Restless Heart (2013)

Saint movies are tricky matters. On the one hand, nobody wants to be accused of hagiography, even if hagiography is a desirable thing or historically genuine. On the other hand, it’s a poor effort if a biopic of this sort puts an over-emphasis on the warts and blemishes of a person’s life. Finding the middle ground is tough, so I have a lot of respect for anyone who is willing to tread down this path.

As a preliminary matter, I’m going to follow a bit of a different format for this review given that the subject matter is not to be viewed through the lens of entertainment, with its Catholicity as an underlying or secondary aspect. Quite the opposite, actually, as the film’s purpose must be viewed in its portrayal of the Faith and the faithful first, with a consideration of its artistic or entertainment value afterwards.

As the subtitle indicates, Restless Heart:The Confessions of Augustine is basically a film adaptation of Augustine’s autobiography, The Confessions. It was originally made as a mini-series for Italian television and the edited and recut for distribution in the United States. This yields itself to some good points and some bad points as we’ll see

The film follows the narrative of The Confessions quite closely, albeit through flashbacks. The narrative begins in 431 as the Vandals are about to destroy Hippo. Augustine sees all this and reminisces on his life and how he came to God. A lot of people might recognize Franco Nero as the older Augustine. He brings the requisite gravitas to the role and, despite his short screen time, gave the best performance of the movie. Anyways, as he looks back, there is the inventory of all his great and dismal moments.

We see Augustine as a young thief, stealing fruit from the neighbors, his early family life with Patricius and St. Monica, his professional career, and, of course, his relationship with his concubine and the son she bore him. Throughout all this, his views of Truth and God, both the Manichean version and the True One, are explored in much the same fashion as in his memoirs.

I have to admit to being impressed. Despite the film too often lapsing into the European style of over-wrought melodramatic displays (with an unfortunate number falling upon Allesandro Preziosi as adult Augustine), the sincerity of the story actually worked regardless. There are genuinely powerful moments in things like Patricius’s death, Augustine’s disregard for his son, and the conflict with St. Ambrose. All of these things are shown in light of the Faith and why Augustine could be so brilliant and yet so wrong. They aren’t sideshows to add emotional content or shock value. They are critical parts of the story and no amount of delinquent acting was able to derail their effect.

To that end, the main thrust of the film focuses on the primacy of Truth. As with the book, Augustine is consistently placed in between two opposing worldviews and has to discern their legitimacy. He learns quickly that words have power. However, the supreme lesson is that they only have value to the extent that they serve the Truth.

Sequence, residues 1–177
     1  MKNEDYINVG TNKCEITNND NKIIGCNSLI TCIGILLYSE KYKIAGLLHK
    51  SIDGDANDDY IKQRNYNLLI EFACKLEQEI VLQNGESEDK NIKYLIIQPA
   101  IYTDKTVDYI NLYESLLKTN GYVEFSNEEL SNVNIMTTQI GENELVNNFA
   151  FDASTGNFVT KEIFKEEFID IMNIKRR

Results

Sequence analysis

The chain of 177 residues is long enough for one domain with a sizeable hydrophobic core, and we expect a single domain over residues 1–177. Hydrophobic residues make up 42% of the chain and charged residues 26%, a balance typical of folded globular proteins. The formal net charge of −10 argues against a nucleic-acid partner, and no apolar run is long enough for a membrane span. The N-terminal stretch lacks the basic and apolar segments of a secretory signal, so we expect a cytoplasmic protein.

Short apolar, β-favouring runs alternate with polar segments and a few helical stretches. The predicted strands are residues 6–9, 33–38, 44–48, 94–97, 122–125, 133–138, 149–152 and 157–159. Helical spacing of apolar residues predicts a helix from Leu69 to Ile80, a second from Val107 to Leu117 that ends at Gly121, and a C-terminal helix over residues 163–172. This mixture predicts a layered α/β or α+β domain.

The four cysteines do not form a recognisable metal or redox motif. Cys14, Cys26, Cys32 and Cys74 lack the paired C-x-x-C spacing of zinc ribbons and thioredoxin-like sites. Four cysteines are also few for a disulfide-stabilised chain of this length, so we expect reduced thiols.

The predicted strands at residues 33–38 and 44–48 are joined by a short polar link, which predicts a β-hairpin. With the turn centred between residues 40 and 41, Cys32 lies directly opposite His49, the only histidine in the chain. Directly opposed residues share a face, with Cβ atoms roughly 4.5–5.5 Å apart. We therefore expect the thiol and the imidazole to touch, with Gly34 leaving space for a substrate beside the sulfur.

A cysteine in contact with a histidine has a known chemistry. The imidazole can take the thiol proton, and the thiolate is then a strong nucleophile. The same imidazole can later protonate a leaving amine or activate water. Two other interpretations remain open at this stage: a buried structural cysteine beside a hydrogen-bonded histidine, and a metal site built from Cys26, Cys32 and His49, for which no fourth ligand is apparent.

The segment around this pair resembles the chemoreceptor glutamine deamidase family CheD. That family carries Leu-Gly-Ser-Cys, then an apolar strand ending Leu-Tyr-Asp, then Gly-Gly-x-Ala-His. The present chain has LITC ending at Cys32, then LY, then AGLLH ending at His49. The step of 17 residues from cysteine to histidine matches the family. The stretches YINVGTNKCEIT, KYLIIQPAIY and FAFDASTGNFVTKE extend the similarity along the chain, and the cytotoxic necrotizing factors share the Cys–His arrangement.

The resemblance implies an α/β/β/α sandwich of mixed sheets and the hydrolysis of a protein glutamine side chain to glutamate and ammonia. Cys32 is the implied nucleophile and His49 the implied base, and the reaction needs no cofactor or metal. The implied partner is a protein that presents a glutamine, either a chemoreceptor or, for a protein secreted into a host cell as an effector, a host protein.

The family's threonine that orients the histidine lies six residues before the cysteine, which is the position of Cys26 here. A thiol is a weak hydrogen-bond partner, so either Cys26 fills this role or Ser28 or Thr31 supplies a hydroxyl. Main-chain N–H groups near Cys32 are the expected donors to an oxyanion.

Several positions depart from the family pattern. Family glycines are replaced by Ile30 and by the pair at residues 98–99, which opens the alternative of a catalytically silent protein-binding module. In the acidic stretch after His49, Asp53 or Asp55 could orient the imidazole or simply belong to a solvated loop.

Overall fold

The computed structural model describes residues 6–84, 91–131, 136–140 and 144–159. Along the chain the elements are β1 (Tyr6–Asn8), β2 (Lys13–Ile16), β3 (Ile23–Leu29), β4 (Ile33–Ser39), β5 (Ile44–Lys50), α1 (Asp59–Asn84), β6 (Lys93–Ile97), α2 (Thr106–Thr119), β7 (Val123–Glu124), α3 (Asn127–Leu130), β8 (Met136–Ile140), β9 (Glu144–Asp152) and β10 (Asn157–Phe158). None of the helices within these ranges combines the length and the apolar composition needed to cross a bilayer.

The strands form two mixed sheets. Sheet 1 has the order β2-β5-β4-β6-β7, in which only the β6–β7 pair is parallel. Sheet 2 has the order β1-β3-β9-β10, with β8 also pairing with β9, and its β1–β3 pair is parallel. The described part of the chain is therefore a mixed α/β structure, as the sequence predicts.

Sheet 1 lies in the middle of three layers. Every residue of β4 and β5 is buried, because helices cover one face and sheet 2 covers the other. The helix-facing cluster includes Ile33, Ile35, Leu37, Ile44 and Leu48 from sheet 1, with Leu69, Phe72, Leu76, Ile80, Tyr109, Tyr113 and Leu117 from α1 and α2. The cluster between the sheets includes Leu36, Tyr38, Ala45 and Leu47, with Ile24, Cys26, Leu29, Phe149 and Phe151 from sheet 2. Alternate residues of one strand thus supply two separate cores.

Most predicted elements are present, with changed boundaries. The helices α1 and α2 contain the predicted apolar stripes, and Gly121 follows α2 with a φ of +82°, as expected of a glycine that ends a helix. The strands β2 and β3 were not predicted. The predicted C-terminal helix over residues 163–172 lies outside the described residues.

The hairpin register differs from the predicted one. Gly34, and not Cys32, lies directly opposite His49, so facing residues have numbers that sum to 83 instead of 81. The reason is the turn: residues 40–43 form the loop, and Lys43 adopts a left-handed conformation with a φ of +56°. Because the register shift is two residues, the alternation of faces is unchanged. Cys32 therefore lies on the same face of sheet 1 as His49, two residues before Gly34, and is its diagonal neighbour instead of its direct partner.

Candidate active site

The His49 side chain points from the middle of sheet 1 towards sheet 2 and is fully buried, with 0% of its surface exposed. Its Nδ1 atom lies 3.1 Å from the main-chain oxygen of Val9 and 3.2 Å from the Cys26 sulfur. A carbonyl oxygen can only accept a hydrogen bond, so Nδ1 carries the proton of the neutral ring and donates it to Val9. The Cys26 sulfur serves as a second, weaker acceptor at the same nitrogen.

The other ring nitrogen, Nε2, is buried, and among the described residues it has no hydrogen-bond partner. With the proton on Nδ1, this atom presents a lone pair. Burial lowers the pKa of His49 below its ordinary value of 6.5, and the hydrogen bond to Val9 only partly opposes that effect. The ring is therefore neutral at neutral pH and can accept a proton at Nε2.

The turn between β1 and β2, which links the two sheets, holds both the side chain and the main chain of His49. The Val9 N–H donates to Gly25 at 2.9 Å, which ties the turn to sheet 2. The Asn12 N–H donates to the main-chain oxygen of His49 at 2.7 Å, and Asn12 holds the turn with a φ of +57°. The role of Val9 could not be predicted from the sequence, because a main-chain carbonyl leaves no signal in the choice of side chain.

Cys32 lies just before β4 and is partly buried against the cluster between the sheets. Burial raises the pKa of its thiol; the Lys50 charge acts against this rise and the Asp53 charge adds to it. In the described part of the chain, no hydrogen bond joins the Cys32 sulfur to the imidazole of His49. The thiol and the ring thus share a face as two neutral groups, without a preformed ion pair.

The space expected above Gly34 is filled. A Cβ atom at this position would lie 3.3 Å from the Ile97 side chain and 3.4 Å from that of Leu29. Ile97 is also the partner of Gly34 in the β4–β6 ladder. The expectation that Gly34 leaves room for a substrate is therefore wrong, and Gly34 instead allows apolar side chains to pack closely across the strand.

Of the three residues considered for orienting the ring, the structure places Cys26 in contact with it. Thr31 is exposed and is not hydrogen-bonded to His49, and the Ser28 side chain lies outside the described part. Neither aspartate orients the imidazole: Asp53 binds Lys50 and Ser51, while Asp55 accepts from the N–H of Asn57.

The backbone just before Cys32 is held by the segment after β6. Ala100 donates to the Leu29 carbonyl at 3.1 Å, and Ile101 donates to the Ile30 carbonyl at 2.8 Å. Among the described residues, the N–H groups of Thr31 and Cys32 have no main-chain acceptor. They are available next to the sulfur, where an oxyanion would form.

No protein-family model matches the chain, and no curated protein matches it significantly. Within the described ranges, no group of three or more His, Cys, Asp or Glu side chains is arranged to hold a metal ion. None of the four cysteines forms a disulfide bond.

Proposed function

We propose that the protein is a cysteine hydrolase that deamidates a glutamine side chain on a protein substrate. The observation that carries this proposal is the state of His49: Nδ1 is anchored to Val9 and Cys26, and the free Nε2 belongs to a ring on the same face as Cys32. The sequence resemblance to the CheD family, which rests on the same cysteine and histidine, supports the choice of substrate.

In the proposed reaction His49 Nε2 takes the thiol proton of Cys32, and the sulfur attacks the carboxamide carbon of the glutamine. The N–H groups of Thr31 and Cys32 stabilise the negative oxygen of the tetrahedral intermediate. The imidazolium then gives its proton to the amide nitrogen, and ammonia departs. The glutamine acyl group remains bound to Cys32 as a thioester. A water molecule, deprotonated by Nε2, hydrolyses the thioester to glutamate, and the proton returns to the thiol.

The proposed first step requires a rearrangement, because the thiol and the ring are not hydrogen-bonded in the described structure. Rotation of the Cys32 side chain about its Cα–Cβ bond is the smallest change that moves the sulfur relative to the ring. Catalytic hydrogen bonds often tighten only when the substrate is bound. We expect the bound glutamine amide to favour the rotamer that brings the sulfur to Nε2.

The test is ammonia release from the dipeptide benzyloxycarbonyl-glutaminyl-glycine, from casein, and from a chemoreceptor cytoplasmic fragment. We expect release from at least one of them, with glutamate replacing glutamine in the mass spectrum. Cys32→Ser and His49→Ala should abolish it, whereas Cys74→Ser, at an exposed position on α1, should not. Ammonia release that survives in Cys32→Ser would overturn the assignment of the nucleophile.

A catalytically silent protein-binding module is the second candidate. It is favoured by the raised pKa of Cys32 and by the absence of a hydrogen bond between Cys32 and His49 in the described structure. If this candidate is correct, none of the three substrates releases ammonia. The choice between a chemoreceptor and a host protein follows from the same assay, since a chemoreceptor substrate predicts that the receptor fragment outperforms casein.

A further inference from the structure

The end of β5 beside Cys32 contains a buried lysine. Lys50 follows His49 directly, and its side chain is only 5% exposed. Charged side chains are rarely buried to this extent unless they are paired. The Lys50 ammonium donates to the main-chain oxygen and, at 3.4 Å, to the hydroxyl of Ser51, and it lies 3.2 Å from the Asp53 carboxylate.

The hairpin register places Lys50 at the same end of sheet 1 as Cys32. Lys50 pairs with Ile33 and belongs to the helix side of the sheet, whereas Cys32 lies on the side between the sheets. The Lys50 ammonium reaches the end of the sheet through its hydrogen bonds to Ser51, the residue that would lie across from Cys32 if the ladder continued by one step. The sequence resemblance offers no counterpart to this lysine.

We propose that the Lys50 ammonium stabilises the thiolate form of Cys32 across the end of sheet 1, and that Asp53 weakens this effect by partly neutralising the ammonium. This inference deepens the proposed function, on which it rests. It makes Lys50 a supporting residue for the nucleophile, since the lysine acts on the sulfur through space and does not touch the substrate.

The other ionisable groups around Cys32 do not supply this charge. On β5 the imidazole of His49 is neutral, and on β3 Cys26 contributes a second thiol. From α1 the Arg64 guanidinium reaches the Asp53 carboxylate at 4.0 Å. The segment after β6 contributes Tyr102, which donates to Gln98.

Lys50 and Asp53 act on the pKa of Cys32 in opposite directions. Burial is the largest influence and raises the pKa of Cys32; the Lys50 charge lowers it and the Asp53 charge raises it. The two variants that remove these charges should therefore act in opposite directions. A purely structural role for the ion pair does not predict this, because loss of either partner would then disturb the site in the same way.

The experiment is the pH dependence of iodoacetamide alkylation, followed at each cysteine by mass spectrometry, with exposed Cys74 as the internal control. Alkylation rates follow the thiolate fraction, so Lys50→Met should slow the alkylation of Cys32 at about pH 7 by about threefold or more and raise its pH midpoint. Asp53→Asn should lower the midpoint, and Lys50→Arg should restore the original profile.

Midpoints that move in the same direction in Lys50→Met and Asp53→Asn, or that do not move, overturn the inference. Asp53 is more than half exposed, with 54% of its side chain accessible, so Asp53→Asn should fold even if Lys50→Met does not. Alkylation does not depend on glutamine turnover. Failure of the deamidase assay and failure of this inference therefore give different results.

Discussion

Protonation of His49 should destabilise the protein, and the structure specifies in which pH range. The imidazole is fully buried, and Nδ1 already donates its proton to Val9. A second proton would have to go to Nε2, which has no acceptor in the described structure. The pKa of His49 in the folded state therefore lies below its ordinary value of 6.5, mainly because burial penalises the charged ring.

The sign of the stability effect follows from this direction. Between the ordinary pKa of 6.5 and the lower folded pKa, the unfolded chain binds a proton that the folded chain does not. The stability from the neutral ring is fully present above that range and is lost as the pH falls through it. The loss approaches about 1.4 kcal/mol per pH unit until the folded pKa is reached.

This has special relevance for our modern times. Restless Heart burns a lot of celluloid on Augustine’s career from lawyering to working as the voice of the emperor. Tracing this route means a lot of discussion on rhetoric, specifically what it is and what it is used for. In a day and age where rhetoric is really just the practice of being a windbag, there is a valuable lesson for the Catholic and secular world alike.

It isn’t perfect. I thought the controversy with the Donatists was slip-shod and handled badly from a historical perspective. In addition to the over-acting problems (save for the aforementioned Nero and Monica Guerritore as St. Monica), I know some have complained about the lack of Augustinian theology. I have no idea why this is a big deal. The story is of Augustine’s conversion. It’s how he got from the infidelity of A to the Truth of B. We don’t need a lecture on the Trinity to tell that story.

The production values were excellent considering this was (a) European and (b) made for television. As with most European efforts, the cinematography was wonderful. Ditto for the remarkable attention to the actual content of what Augustine wrote about himself. It would have been very easy to overplay certain things. Most people think of Augustine as a lecherous whoremonger who was with any woman he could find. An American adaptation would probably have opted for such a perspective. While the subject of Augustine’s worldly desires is dealt with, I was comfortable with my kids watching it. The more sensual moments are brief and without anything overly bothersome.

Restless Heart is an admirable effort at walking the “middle path” I mentioned at the opening of this review. There is definitely not a problem with things being too sanitized. The wonder of conversion and grace is expressed throughout, and we are constantly bombarded with Truth as an objective reality and not something to be crafted from the whims and words of skilled speakers/writers. There are a lot of flaws. They are all minor ones, though, and subordinate to the film’s depiction of the Church and one of its greatest figures. Get this movie and show it to your parish.

2.5 tiaras

Review by Throwback